Backlog of procedures in England could cost NHS £3bn to work through after crisis

Operations for hip and knee replacements, cataracts and hernias have all been delayed to make beds available to cope with coronavirus cases. Photograph: Mark Thomas/REX/Shutterstock/Mark Thomas/Rex/Shutterstock

Doctors have postponed more than 2m operations after non-emergency surgery was cancelled for at least three months to free up beds for coronavirus patients.

The mounting backlog of procedures could cost the NHS £3bn to work through and may require many of the 20,000 doctors and nurses who have returned to the health service to stay on once the Covid-19 crisis has been brought under control.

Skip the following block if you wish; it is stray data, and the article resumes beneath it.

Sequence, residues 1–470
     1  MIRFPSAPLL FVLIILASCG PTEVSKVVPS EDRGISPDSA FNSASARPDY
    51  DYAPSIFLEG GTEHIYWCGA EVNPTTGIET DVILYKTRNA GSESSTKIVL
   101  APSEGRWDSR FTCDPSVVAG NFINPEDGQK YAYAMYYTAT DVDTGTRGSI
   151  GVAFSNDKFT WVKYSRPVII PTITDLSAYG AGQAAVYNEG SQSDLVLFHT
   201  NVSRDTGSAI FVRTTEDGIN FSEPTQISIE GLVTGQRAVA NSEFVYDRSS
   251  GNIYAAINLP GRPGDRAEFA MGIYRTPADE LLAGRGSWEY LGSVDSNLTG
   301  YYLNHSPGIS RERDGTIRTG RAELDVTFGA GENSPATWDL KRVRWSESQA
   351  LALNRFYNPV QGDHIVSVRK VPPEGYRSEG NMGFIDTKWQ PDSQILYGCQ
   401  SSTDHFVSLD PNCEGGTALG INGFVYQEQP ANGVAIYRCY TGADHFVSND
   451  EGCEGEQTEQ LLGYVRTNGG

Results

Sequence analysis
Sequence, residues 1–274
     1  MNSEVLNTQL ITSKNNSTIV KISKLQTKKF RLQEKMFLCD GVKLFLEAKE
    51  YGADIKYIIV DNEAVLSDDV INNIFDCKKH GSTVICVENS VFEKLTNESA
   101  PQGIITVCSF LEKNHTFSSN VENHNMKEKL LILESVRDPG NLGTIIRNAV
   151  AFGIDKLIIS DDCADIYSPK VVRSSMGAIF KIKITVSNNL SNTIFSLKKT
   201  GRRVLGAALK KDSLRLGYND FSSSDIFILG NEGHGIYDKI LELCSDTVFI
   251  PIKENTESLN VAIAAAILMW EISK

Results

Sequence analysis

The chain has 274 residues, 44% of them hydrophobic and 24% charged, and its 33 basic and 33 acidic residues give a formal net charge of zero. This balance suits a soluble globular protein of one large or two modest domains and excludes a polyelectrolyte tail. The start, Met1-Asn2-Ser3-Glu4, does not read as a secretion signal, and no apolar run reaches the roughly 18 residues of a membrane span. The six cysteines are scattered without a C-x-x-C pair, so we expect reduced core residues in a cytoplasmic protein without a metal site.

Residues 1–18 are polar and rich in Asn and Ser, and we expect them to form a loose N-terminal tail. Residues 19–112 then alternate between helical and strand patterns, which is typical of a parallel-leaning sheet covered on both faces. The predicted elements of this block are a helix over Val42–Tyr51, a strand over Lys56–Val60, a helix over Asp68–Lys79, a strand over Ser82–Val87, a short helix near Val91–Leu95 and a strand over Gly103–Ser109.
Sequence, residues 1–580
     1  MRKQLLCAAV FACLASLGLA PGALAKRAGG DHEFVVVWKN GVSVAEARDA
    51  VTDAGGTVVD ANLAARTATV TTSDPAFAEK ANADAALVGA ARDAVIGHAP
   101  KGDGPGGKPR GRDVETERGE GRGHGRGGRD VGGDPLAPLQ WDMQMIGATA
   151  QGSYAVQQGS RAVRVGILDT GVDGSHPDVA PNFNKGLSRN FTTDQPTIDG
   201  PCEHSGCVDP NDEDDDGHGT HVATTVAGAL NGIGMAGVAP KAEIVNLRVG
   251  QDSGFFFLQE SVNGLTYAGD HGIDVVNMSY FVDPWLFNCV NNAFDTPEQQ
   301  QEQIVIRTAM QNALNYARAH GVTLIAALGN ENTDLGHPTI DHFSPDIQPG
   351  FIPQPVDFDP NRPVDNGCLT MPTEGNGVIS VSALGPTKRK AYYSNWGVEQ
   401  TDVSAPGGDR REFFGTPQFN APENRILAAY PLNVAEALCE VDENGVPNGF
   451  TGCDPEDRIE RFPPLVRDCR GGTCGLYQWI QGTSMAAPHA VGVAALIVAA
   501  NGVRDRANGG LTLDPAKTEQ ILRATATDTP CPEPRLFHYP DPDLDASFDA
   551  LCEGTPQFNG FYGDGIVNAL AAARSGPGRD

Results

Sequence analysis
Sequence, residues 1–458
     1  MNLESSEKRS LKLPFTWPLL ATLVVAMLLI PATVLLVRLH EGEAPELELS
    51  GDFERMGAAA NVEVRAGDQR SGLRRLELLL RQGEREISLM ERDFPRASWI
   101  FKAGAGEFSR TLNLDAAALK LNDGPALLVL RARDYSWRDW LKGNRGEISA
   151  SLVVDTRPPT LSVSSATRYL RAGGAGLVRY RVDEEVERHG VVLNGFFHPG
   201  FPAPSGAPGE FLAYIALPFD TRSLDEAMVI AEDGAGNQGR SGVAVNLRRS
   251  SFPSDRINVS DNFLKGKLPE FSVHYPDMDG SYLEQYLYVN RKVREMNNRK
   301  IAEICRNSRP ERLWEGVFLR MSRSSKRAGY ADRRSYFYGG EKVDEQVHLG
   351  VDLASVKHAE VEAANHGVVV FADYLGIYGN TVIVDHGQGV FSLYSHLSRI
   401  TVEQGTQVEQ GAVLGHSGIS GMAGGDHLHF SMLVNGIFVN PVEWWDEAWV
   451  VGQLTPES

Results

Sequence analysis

According to NHS England, postponing the planned operations, which typically cost £1bn per month, has released 12,000 beds for patients who have fallen ill after contracting the virus.

“We are probably only delivering around on- third of our usual surgical activity and that’s nearly all for emergency and very urgent surgery. In the short term, we have to do a really major catch-up exercise to stop this backlog causing harm,” Prof Derek Alderson, the president of the Royal College of Surgeons in England, told the Sunday People.

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